Your key players determine who wins. On a nine-person team (or crew), you might have three to four people who are going to make the difference. In my little league days, one of those people was always the pitcher. When he had a bad day, we all had a bad day. A fourth-grade kid who walks batter after batter starts to lose it. He gets close to tears, and it doesn’t help that his parents are in the stands. The coach can’t do anything in that situation, either, so I would run the ball out to him on the mound as often as I could (often with the umpire yelling at me to get back behind the plate). I’d tell that pitcher whatever he needed to hear: that he was the greatest, maybe, or that he needed to get mad. The lesson is simple. Read the player and give them the individual coaching and attention that they need. It’s possible for them to do it on their own, but they can perform so much better with a little help from you. The same is true for when they’re killing it and doing a great job. At those times, remind them that they are demonstrating their true potential. Build their confidence. Make them set the benchmark for their future performance.
Don’t avoid confrontation.
Catchers own the plate. If you block that plate, you’re going to get hit. The physics are pretty basic. Imagine this scenario: a kid with a running start from third base of probably 70 feet is barreling directly toward me as fast as he can. His only goal is to score a run. Meanwhile, I’m standing stock-still, waiting for a throw from Sean Wallace in right field, and I cannot look at this guy coming down the l ine. Everyone is counting on my courage a nd resolve at that moment. All the gear in the world won’t compensate for me getting “Buster Poseyed.” But you have to stand up and take it. Leaders do not shy away from confrontation. Leaders do not back down at the crucial moment. Leaders often have to take one for the team. Leaders cannot lose their concentration at the moment of key business impact. And frankly, sometimes the leader has to lower their shoulder and smash the tag into someone’s face to get everyone’s attention. It may only be 1% of t he t ime on t he field, but you will be measured by those moments for a long time afterwards.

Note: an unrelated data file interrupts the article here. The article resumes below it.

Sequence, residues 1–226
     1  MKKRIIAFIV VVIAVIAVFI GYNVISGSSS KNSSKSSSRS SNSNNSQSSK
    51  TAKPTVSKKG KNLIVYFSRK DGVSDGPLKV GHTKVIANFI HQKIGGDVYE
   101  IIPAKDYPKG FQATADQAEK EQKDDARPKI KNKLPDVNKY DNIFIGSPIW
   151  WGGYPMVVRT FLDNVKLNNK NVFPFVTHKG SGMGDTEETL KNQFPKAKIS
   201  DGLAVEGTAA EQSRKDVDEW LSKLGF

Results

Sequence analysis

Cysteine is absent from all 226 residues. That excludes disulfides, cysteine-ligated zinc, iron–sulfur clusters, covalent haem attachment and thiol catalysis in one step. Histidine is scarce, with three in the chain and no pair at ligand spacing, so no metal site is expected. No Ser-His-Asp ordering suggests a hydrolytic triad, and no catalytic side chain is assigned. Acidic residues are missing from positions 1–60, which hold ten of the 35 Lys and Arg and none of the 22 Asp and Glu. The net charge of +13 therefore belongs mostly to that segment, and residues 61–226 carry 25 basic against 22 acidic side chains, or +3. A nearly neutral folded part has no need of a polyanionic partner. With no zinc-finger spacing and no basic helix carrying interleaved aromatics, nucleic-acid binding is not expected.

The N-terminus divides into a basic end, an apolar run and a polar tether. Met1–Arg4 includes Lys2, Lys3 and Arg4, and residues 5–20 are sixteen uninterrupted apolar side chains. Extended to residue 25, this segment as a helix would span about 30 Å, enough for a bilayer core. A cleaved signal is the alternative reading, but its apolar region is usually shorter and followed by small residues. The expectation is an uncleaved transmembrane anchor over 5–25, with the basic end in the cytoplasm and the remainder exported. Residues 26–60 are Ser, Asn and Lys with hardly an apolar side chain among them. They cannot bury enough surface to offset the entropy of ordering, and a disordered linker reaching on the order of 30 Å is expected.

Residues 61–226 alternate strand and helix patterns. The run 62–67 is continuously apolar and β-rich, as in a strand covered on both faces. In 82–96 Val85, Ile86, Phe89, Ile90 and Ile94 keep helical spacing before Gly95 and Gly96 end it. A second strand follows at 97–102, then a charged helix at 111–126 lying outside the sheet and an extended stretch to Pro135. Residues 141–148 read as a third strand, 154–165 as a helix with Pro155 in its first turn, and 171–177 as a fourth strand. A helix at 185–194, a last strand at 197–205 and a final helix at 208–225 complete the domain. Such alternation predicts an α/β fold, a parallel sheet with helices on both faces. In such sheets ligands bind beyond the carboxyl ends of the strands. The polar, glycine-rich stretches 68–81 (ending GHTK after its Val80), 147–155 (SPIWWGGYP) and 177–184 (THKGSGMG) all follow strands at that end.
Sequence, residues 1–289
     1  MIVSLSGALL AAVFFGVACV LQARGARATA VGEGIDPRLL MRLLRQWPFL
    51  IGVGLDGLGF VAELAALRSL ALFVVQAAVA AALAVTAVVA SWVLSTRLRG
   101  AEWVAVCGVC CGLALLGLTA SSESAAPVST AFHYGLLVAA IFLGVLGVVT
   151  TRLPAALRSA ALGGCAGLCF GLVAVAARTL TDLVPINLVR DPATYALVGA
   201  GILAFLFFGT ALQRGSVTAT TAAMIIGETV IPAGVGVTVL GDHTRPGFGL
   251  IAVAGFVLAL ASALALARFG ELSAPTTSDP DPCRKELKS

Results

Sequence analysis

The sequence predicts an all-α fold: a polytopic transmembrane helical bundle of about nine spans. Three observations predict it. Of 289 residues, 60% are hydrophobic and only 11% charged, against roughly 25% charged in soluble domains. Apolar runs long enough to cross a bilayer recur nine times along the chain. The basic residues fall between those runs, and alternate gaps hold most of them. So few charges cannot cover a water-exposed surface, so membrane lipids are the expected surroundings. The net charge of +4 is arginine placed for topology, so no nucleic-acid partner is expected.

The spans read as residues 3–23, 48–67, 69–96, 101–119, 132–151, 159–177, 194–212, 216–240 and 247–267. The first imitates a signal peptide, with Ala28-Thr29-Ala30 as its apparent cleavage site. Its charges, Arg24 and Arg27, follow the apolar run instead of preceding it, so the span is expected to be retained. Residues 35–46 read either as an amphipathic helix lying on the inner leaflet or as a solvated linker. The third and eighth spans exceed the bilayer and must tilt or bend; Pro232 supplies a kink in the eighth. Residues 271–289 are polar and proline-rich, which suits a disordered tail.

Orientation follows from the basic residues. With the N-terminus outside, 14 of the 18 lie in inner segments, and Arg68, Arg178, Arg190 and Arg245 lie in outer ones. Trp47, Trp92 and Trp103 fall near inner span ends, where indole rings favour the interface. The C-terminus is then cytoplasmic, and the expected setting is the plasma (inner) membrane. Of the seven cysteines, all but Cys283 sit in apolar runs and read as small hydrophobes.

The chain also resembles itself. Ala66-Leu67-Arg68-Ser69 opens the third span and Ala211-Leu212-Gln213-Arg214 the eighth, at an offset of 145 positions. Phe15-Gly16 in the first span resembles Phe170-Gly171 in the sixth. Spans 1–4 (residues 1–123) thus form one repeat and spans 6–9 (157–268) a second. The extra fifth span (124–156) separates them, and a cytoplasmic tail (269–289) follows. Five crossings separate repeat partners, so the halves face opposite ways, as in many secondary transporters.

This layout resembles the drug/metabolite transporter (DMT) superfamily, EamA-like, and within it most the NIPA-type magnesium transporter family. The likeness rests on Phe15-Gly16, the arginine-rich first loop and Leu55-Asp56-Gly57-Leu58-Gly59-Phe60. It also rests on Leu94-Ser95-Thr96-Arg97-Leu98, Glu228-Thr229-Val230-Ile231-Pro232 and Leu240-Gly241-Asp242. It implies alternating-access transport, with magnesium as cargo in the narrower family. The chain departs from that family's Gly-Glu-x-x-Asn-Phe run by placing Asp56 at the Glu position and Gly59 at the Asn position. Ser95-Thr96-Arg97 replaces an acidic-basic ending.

When I look at the photo that accompanies this article, I don’t see a kid really having fun. That kid doesn’t look like he’s living the “everyone gets a trophy” sports experience. The look in the eyes is pretty serious. I don’t remember that day, or most of the games I played, for that matter. But I do remember those simple lessons, long after any thrill or disappointment with wins and losses have faded from memory. These same lessons are key to the success of our leaders today, especially foremen and superintendents. Often we send players onto the field without a clear idea of the requirements of the position and the tools to succeed while doing it. We forget to coach them and give them the feedback necessary to improve. They too are our on-field managers. In order to create a winning environment, the foundational elements of leadership are not complex. The key is remembering to apply these simple principles and reinforce them regularly.
Simply put, after reading your company P&L sheet, you don’t want to find yourself rolling on the ground holding your knee.
Mark Breslin is a strategist and author of several books, including most recently, The Five Minute Foreman: Mastering the People Side of Construction. Visit his website at www.breslin.biz or contact him at (925) 705-7662.